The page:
People learn by doing, hence the saying practice makes perfect. Not everything that people make, is published. Sometimes researchers deliberately refrain from publishing specific material. In this blog, I want to talk about the balance between malware creation and malware research. Needless to say, the type of creation that is covered in this blog, is done from an educational perspective.
The reason to write this blog is based on the fact that I got quite some questions about this recently, and because I’ve seen more and more people publish material that I think should not have been published. In the end, our goal is to enhance the security of the greater good, not weaken it. Within this blog, I’ll not refer to any other projects, as I do not want this blog to serve as an advertisement.
Research and creation go hand in hand
To research a certain topic, one requires knowledge in that area. When analysing malware, it helps to have a deep understanding of programming languages, especially the one that was used to create the sample that is being analysed at that moment. When starting out to learn a language, it is helpful to write small programs, which you can then analyse. This provides you with the benefit of using both the compiled output and the original source code during the analysis.
Alas, the source code of most malware samples is not available, leaving the researcher to look at the compiled, and often obfuscated, output. This makes the learning curve steeper. Developing your own samples to look at, is one way of solving this problem whilst gaining experience.
Where do you draw the line?
To answer that question, I should first specify what the goal is when creating something. There is a difference between making a proof-of-concept to prove a specific technique or exploit works, and providing the complete compilable source code for a piece of malware. The proof-of-concept is used to prove novel findings, showing that the theory is usable in a practical case. The compilable malware projects do not serve such a purpose, since the novel concept can be explained differently.
It is important to ask yourself what the reason is to publish something. Naturally, people like others to see the results of their hard work. Additionally, sharing knowledge is a noble goal. The question is, however, if one should publish the complete source code, or explain the concepts that are used. Publishing educational ransomware, or yet another remote access trojan, does not contribute to the community. Instead, it plays into the cards of criminal actors, who can freely use and adopt the projects as they see fit, usually with limited technical effort. Although this discussion is somewhat adjacent to the offensive versus defensive tooling debate, it differs enough to warrant its own blog post. As such, I’ll not discuss it in further detail in this blog.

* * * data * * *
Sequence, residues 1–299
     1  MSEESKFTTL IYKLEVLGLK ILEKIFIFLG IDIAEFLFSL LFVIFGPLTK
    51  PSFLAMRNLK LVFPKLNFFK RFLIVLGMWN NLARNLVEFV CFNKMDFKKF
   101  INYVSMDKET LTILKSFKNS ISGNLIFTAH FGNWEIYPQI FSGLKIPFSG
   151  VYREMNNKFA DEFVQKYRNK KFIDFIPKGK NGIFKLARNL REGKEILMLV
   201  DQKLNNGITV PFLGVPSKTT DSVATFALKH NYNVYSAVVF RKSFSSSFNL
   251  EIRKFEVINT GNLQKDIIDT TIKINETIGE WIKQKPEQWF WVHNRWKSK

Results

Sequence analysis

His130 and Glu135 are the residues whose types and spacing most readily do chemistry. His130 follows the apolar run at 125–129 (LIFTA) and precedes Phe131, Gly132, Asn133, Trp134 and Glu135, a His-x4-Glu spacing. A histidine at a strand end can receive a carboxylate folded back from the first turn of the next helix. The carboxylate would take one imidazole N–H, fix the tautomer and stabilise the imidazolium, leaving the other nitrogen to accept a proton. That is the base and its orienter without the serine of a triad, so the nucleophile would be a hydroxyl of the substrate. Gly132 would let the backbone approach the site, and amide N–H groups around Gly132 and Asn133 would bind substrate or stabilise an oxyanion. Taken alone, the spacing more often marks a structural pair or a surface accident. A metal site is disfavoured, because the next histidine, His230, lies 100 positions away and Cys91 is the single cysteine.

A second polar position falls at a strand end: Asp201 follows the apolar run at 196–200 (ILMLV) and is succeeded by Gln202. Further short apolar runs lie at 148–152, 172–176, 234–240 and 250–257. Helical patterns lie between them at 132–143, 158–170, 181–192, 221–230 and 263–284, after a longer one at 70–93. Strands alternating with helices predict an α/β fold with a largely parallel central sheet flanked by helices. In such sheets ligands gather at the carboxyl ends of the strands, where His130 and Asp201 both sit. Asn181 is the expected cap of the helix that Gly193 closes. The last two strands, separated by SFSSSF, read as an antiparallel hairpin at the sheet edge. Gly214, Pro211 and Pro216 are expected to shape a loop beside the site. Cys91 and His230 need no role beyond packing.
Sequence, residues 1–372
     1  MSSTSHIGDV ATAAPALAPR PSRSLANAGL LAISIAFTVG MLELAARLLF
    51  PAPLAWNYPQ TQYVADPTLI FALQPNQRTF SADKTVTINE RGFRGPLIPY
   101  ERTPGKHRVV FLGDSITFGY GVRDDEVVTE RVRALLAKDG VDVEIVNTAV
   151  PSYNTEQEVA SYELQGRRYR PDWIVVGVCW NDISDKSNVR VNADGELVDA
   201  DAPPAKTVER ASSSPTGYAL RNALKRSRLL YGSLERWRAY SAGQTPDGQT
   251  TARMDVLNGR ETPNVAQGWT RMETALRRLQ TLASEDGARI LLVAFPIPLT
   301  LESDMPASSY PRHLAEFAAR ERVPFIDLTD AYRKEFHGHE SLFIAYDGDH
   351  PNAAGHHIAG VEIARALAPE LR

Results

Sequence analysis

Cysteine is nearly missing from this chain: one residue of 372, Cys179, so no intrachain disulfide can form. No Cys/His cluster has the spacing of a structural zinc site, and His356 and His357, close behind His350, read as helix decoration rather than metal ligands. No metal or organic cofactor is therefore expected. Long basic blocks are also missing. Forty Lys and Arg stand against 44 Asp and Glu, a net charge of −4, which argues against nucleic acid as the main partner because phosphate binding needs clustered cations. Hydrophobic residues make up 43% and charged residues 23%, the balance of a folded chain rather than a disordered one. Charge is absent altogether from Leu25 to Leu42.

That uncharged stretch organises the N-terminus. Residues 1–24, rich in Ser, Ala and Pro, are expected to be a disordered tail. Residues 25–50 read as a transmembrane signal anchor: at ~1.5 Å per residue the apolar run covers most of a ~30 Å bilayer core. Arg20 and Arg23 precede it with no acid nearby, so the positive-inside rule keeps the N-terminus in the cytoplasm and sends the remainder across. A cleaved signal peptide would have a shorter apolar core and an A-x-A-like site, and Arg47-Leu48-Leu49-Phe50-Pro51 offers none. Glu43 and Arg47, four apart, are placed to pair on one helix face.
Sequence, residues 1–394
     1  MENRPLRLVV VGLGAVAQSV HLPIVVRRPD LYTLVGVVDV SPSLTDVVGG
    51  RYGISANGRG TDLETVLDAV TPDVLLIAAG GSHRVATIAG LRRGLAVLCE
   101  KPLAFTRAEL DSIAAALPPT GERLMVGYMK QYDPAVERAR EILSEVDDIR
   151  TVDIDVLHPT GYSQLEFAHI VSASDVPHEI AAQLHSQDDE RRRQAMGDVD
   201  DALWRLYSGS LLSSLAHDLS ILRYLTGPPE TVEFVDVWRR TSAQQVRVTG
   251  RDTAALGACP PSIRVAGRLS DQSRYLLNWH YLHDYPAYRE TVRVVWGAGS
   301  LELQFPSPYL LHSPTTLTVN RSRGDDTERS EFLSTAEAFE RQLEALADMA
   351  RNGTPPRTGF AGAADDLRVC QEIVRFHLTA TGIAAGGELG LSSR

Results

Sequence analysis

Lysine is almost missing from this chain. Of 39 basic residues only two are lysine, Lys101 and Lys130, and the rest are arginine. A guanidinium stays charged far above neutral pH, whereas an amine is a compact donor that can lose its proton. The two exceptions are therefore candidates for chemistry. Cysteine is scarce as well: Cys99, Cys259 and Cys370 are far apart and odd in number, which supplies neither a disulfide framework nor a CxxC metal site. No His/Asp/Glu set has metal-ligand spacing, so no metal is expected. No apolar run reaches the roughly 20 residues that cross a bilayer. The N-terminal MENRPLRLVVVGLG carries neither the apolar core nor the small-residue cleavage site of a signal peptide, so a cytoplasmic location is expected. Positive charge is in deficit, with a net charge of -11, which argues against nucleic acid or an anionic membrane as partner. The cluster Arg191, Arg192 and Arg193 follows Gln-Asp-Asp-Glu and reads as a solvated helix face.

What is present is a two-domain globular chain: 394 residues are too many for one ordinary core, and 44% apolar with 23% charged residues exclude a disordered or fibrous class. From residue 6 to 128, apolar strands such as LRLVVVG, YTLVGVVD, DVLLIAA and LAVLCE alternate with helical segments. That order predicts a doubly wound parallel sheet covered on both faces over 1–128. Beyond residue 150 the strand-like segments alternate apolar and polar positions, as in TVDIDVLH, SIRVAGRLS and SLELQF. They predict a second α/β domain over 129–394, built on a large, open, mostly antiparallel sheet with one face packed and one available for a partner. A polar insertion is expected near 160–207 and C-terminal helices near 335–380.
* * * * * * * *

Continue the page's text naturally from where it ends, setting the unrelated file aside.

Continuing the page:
The two malware types above are not picked at random, as they represent two educational projects that were published, and subsequently abused by malicious actors. The educational ransomware was used in quite some actual malware campaigns, causing the victims to lose their data and stopping businesses dead in their tracks. The original author of the educational ransomware is not responsible for this, but did help to enable the criminal actor, without adding anything positive to the defensive side of things.
It’s not in anyone’s benefit that the wrong software is released and subsequently abused, hence this plea. When in doubt, you can always ask around in community channels, or in public fora.